March 19, 2021
As the June 30, 2021 deadline for the Conflicts of Interest (COI) section of the Client Focused Reforms (CFRs) approaches, most of you have started preparations to implement the new requirements. If you have not, it’s important to begin to do so soon, given the changes can take time to assess, implement, and deliver.
Most registrants will likely find that their current disclosures need to be updated. For example, their disclosures may need to add additional conflicts, such as those specifically identified in the companion policy. Current disclosures may not be as fulsome as the new rules require; disclosures now have to also describe the conflict’s impact and risk to the client, and how the conflict has or will be addressed in the best interest of the client.
Similarly, registrants may find that policies & procedures changes are required to identify, address, and resolve material COIs, including reflecting the new standard for resolving conflicts in the best interest of the client. Compliance manuals will also need to have a process for registered individuals to identify, address (or avoid) and report COIs, implement enhancements to their monitoring & testing of the new procedures, and introduce a system for confirming that effective disclosure of material COIs is provided to clients.
As you prepare for the Client Focused Reforms, be sure to also read the FAQs, most recently updated by the CSA on December 18, 2020. The FAQs intend to add clarity on how certain requirements under the CFRs should be operationalized. For example, they discuss proprietary products, conflicts of interest records, client consent, manner of disclosing COIs, referral arrangements, amongst other topics. The CSA may issue additional guidance or updates to the FAQs – registrants should check the CSA site regularly.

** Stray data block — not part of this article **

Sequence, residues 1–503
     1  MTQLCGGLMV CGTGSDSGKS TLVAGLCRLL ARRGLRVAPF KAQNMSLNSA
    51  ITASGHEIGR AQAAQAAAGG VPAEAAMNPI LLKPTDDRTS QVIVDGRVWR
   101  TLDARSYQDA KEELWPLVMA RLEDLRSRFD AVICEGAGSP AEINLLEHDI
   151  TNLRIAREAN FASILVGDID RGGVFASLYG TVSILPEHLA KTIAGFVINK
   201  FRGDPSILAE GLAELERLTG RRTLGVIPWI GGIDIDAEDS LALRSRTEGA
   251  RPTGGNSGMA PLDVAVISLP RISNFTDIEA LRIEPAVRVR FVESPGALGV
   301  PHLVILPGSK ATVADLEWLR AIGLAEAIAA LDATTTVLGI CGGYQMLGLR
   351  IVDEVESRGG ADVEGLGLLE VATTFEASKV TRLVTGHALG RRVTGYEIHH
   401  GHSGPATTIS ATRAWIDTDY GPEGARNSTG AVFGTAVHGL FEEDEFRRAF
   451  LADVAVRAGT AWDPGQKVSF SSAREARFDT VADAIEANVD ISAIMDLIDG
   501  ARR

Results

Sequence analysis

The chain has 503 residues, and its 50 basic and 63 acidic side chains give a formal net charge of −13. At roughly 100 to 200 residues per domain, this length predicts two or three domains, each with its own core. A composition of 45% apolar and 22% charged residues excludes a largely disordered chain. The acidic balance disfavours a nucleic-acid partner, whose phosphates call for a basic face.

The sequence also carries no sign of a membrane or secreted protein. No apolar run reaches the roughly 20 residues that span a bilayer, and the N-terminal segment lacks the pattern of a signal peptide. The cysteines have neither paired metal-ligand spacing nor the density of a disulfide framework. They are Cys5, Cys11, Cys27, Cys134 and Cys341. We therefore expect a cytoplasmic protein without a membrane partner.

Registrant Law has summarized some of the COI requirements in the Client Focused Reforms below. The entirely of the new COI requirements can be found here.
Identifying material COIs:
Firms must have robust policies & procedures to identify material COIs in a timely way. As you review your policies, also implement steps to assess the materiality of conflicts to distinguish between those conflicts that are material and those that are not.
What is a material COI? As you review your firm’s conflicts to assess their materiality, also consider the companion policy’s examples of conflicts that are “material”, such as:
- Third party compensation
- Internal compensation arrangements with incentive practices
- Compliance or supervisory staff compensation is tied to sales or revenue generation of the firm
- Fee-based accounts where account holds securities with embedded commissions
- Conflicts between clients
- Referral arrangements (note, definition of “referral fee” has changed)
- Full control or authority over the financial affairs of a client (e.g. power of attorney)
Also look to the FAQs, which provide further guidance. For example, there is a discussion on the new definition of “referral fee”, examples of steps registrants can take to (1) conduct due diligence of the other party in a referral arrangement, and (2) monitor and supervise referral arrangements.
Addressing material COIs: